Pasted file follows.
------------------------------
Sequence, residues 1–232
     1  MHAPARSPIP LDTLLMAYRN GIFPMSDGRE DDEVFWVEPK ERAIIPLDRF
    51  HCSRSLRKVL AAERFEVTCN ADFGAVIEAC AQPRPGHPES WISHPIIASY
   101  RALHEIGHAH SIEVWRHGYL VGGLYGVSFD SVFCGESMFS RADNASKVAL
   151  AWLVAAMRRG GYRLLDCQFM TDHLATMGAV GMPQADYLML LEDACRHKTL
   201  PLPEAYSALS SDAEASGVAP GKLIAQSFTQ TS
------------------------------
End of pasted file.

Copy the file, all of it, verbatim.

Sequence, residues 1–232
     1  MHAPARSPIP LDTLLMAYRN GIFPMSDGRE DDEVFWVEPK ERAIIPLDRF
    51  HCSRSLRKVL AAERFEVTCN ADFGAVIEAC AQPRPGHPES WISHPIIASY
   101  RALHEIGHAH SIEVWRHGYL VGGLYGVSFD SVFCGESMFS RADNASKVAL
   151  AWLVAAMRRG GYRLLDCQFM TDHLATMGAV GMPQADYLML LEDACRHKTL
   201  PLPEAYSALS SDAEASGVAP GKLIAQSFTQ TS